My tryst with coala: The beginning
We had our mid-semester exams till the end of the first week of March. Post-midterms, most of my friends went on trips to Goa, Kasol…even my parents went to a marriage in Agra, and I was left alone at home. With lots of work already pending, I decided to take on this new task. I always felt fascinated by open-source but never actually was able to contribute much to it.
This year organisations were announced on 10th March, so I started searching for one that suits my technical proficiency and something that can be actually useful for me.
While searching, coala took my attention; coala is a language-independent code analysis tool that provides a CLI interface for linking and fixing the code, regardless of the programming language.
Also, in my college, I had heard a lot about GSoC from my seniors during my first year, so I wanted to give it a try and decided I’ll drop it in a week if things didn’t work.
During my first year, when I worked on different projects for our club with my seniors, I was always pulled out for the bad coding practices I followed. Therefore, coala is a perfect tool as it supports almost all the languages and automatically fixes the code to make it consistent with the language specifications!
So, the journey began; first I started by running coala locally on some of the example code and then looked for an issue to start contributing. I finally fixed the broken CI/CD pipeline in around a week after many failed attempts. And followed it by solving a few more issues in the next couple of days. This was a huge boost to my confidence, I don’t usually dwell on things like these, but this gave me a sense of achievement that I literally have this mentioned as a note on my phone “GSoC 2021 @ coala 24th March Wed 2021”.
After this, I explored coala a little more and opened a few newcomer-friendly issues by the end of March. Following that, I started to work on the proposal as I had less than just 2 weeks for its submission. In those 2 weeks, I focussed on my proposal and got it reviewed twice by my mentor Abhinav, none of this would have been possible without his support. His help in getting me involved with the coala community and his enriching feedback enabled me to improve my proposal. coala suggests mentees submit two proposals to have some flexibility while selecting the students, but I didn’t spend much time on the second proposal and made it in the last 4 hours before the deadline.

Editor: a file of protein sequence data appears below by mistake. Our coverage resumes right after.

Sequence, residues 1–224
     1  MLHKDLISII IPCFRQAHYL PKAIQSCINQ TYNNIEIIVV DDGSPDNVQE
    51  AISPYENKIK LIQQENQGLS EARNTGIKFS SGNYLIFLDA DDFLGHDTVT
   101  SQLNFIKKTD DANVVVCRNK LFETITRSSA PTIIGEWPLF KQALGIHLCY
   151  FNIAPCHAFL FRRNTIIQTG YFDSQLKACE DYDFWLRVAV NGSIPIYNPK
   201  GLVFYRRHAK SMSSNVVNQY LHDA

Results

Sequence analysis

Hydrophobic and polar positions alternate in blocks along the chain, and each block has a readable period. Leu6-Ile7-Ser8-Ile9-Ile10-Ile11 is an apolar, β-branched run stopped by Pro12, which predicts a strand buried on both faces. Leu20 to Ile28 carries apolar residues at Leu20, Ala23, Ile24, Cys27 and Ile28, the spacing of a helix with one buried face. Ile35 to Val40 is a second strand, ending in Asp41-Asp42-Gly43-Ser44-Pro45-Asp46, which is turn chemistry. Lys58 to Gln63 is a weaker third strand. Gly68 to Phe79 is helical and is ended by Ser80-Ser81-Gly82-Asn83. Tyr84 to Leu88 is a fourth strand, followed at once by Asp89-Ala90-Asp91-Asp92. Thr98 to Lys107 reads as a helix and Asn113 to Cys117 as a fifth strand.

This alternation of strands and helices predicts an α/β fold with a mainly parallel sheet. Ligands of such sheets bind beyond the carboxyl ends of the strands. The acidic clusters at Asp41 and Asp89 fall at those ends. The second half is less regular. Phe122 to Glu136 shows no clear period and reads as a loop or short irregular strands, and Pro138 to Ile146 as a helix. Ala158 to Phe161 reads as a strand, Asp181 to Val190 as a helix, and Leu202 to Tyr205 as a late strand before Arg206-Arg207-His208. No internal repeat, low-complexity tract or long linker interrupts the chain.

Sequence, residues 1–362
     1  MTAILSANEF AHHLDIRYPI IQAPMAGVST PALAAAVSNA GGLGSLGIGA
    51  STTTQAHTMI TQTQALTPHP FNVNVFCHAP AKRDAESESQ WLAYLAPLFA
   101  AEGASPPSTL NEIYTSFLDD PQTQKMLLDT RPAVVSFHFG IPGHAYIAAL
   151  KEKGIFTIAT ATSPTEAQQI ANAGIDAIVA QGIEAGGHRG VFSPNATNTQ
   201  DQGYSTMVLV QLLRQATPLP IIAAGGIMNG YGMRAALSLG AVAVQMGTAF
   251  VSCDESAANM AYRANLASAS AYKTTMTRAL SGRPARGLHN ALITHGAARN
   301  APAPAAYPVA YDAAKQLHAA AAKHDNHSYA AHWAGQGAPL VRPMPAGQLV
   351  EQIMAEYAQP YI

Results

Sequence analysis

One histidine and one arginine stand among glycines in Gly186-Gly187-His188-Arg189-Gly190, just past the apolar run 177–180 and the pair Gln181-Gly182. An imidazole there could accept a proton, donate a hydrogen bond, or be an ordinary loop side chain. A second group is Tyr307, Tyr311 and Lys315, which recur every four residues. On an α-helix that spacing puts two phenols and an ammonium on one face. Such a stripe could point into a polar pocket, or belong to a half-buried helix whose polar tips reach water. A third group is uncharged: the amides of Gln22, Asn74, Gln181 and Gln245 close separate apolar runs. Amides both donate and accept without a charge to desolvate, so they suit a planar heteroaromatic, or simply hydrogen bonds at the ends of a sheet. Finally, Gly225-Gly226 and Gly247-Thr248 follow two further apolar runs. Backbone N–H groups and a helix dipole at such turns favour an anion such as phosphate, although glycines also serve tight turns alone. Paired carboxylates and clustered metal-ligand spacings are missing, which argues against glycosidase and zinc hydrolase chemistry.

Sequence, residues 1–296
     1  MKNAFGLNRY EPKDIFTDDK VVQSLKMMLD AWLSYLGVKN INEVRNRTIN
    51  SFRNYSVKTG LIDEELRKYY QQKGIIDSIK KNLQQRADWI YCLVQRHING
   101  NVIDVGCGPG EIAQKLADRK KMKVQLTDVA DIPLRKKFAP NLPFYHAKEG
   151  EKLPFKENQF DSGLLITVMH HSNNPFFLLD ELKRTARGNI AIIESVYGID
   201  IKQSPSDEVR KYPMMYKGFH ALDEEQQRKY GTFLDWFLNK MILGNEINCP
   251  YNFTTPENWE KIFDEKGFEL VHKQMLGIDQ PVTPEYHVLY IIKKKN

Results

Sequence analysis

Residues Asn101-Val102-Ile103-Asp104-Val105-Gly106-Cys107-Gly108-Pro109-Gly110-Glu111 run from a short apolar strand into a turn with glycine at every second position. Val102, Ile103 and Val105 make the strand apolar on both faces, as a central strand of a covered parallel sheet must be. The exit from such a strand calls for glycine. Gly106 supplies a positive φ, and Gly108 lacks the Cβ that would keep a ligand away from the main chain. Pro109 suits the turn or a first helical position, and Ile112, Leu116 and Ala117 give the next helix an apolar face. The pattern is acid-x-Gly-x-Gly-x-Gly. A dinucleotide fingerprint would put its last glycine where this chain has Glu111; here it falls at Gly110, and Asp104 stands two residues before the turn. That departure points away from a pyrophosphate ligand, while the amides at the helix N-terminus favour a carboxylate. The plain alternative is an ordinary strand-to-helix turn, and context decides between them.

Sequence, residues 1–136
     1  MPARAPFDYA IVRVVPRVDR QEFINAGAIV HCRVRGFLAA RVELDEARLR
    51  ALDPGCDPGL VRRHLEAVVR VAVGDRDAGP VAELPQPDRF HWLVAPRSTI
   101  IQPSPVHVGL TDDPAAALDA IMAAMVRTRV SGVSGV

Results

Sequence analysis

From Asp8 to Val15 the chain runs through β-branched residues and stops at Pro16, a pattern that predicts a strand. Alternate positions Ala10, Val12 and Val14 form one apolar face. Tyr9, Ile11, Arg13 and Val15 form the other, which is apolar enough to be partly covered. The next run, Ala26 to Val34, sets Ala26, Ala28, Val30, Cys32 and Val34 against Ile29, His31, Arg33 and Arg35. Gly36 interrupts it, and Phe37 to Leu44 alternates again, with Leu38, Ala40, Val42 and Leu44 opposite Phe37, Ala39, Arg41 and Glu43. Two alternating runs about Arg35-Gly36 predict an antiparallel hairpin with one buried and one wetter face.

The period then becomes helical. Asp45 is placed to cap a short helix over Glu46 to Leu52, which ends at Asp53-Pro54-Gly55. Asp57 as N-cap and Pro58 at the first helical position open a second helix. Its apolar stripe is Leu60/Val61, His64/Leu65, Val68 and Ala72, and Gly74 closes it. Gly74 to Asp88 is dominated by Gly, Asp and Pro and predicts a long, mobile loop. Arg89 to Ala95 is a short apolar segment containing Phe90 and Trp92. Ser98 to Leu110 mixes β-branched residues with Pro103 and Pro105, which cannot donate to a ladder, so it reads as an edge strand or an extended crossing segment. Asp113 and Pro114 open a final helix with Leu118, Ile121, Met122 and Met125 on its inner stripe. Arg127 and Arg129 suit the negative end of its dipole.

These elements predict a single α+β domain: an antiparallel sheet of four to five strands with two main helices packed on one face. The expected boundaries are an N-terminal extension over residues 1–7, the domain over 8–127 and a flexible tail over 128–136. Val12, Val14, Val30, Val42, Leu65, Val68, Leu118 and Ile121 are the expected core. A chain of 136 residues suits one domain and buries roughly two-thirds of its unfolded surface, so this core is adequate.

Post submission, I had a lot of work to catch up on. With my comprehensive exams coming by, I focused more on my studies and was only involved in reviewing PR and helping others get involved, which I’d say helped calm the anxiety (just a little)!
Results were to be announced on 17th May at .11:30 pm. I was eagerly waiting for the results and kept myself distracted to ease my nerves. I received a message from my friend about GSoC announcing its list of accepted proposals at around 11:10, followed by me quickly opening Gmail on my phone and tapping refresh after a few baited breaths, and so, there it was!
The amount of time that I’ve put specifically into this may seem very less, but behind this acceptance letter lies the skills I honed and acquired during the 2020 Lockdown paid. I started from the foundation of proficiency in the technologies used by my organisation since I had spent hours and hours working with them, after which one can say that it took me just a bit to get started on coala. You can learn more about my project and can also have a look at my proposal.
I’ll keep writing these short posts throughout my GSoC journey mainly because of the organisation guidelines 😅. But I will be keeping them short since I’m not very good at journaling journeys:).
PS: You can contact me on Linkedin, Mail, or Twitter if you want to seek help in your GSoC journey or help me with internship opportunities or referrals. Also, follow me on GitHub to understand the work I do at coala and explore through some other project ideas!